And Mary said,
‘My soul magnifies the Lord,
and my spirit rejoices in God my Saviour,
for he has looked with favour on the lowliness of his servant.
Surely, from now on all generations will call me blessed;
for the Mighty One has done great things for me,
and holy is his name.
His mercy is for those who fear him
from generation to generation.
He has shown strength with his arm;
he has scattered the proud in the thoughts of their hearts.
He has brought down the powerful from their thrones,
and lifted up the lowly;
he has filled the hungry with good things,
and sent the rich away empty.
He has helped his servant Israel,
in remembrance of his mercy,
according to the promise he made to our ancestors,
to Abraham and to his descendants for ever.’
Magnifying God's Goodness: Luke 1:46-55
I remember being 14 and bitter. Much like today, my church was decked out in Christmas finery: a large fir tree stood at our right, covered in years worth of ornaments made by the children in the church. Small angels shifted and scratched in their itchy tinsel halos. The shepherds’ head-scarves were all a little crooked, unable to resist the kinetic energy of 8-year-olds trying oh-so-hard to stand still and not wack something with their hooked staffs. I was standing behind all of these angels, shepherds, and tiny townspeople, decked out in blue polyester, glasses sliding down my nose... the lone teenager in the annual children’s play, and the one entrusted with Mary’s Song.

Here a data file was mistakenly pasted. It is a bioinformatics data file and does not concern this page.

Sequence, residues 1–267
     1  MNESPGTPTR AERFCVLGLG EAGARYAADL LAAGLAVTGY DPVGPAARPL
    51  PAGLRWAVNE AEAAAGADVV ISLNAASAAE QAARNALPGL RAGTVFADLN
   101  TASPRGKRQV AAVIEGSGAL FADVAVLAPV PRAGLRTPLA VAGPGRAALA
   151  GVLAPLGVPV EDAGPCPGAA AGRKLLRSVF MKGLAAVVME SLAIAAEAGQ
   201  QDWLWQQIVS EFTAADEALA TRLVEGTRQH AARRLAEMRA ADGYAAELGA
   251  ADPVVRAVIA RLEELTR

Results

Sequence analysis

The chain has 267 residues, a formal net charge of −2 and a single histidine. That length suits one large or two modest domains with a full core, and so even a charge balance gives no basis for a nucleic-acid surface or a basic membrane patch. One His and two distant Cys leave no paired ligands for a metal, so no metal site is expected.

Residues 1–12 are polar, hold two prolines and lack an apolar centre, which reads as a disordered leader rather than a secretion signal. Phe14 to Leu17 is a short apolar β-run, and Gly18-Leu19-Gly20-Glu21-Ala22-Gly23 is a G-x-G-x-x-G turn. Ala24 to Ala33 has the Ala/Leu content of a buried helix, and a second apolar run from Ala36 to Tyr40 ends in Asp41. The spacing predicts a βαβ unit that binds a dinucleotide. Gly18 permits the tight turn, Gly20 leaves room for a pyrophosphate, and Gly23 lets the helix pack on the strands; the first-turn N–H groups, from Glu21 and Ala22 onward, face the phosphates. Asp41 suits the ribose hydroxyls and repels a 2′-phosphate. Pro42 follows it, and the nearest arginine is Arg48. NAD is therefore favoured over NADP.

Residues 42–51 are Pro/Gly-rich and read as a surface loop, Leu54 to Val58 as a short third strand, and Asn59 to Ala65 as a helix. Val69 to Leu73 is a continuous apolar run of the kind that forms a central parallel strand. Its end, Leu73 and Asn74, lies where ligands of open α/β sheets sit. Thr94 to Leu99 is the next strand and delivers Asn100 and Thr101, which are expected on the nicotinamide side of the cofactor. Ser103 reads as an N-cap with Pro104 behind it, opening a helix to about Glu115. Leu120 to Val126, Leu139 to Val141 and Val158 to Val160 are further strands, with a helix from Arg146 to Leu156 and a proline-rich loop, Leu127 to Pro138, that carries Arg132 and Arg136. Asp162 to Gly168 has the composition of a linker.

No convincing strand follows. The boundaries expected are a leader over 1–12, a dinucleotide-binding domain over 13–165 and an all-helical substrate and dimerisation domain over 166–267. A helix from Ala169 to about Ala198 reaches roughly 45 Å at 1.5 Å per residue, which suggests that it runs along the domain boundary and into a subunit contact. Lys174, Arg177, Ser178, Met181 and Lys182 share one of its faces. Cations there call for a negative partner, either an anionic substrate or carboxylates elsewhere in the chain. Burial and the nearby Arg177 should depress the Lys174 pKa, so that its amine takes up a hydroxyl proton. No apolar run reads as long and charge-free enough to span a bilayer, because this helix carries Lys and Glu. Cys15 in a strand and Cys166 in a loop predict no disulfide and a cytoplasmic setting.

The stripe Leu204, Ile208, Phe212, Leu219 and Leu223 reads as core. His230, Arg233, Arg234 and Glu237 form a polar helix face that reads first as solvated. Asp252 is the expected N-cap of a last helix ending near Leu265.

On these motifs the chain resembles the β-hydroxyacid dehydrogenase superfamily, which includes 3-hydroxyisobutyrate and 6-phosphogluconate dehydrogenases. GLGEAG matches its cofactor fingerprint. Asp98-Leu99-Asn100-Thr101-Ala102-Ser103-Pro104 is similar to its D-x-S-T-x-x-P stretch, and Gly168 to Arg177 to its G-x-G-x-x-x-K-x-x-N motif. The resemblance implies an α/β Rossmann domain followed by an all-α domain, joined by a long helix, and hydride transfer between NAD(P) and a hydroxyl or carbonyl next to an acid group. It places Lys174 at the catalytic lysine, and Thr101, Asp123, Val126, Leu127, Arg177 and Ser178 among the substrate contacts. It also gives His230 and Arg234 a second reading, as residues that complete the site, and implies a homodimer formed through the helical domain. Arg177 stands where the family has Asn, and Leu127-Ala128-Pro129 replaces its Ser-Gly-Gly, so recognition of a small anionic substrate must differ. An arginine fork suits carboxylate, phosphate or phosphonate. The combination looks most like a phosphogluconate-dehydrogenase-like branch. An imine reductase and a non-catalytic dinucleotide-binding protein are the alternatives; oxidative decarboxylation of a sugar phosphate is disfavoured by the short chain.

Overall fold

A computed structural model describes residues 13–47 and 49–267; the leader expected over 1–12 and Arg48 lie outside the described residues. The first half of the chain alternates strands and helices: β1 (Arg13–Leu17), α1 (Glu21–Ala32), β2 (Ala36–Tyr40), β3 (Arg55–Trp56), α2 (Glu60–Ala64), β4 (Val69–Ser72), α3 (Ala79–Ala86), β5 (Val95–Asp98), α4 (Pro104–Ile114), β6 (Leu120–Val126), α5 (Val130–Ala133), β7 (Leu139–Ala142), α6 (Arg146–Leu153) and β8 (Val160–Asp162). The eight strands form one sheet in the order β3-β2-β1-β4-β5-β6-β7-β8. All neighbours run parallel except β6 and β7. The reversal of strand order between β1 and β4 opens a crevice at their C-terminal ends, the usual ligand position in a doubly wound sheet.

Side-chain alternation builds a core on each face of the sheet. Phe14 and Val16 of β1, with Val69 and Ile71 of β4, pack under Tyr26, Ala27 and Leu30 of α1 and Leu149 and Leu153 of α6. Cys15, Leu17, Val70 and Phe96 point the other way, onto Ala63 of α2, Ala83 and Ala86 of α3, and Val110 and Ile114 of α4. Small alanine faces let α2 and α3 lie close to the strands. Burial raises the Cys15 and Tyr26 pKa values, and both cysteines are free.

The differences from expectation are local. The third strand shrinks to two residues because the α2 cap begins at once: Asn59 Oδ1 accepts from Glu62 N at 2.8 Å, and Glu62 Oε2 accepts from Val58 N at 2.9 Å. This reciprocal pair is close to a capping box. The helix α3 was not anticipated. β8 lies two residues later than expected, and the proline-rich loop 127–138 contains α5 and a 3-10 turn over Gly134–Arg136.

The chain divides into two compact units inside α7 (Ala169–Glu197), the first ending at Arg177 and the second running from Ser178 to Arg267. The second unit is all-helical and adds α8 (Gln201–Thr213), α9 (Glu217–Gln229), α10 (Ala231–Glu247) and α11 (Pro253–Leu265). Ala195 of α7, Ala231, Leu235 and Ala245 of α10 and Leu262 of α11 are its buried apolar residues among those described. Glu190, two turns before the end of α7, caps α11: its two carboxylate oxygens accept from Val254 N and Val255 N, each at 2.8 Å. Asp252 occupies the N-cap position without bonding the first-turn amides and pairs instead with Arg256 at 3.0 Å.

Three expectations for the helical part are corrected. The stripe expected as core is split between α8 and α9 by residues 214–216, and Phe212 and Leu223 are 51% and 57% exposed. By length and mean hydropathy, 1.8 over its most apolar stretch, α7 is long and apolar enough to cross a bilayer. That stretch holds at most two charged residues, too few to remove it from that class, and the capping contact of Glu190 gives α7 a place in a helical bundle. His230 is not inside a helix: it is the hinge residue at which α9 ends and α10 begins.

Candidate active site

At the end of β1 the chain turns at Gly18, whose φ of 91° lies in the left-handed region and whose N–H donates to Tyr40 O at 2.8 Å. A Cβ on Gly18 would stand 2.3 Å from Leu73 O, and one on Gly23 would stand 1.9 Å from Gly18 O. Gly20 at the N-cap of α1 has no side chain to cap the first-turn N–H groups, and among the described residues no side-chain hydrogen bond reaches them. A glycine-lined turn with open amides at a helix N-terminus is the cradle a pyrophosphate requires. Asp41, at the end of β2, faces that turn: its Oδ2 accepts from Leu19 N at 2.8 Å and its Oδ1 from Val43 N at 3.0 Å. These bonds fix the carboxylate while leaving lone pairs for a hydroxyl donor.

Being Mary was a great responsibility... a responsibility that I didn't want at all. By this point, I had been confirmed for almost a year. This right of passage not only assured me full participation in communion and the ritual life of the church, and also served as a pardon from service in the Christmas play. You see, Confirmation gave you your Saturdays in December back. It meant you were more like a grown-up than like the kids who reenacted the nativity each year. I had gone through two whole years of catechism instruction and did not want one month more of an obligation that I connected with being a child in the church. And, yet, our Sunday School teachers had a different idea. They came up and asked if I could please, one more time, be in the play. You see, there was a big age gap between me and the next oldest bunch of girls. None of them were old enough to remember the whole part. And, it was an important part.
Perhaps I could have said no. I could have said that I didn’t want to be in the Christmas play again. But, I felt responsible, even obliged to say yes because it was my church and a respected elder, Martha, had asked for the help. My sense of duty won the argument with my teenage need to separate myself from the younger kids, though responsibility only won that argument begrudgingly. At home, I grumbled about being asked, about being too old, about having to memorize such a long piece of scripture. My mom tried to point out that perhaps it was actually kind of nice that they asked. She said that it probably said something good about my character that the teachers thought they could entrust me with such a role. Maybe, she suggested, it meant not that they thought of me a little kid but as someone they could count on when they needed help. But, I couldn't really take my mom's response seriously. I still didn’t want to be in the play. But, I felt like I had to. So, I was bitter.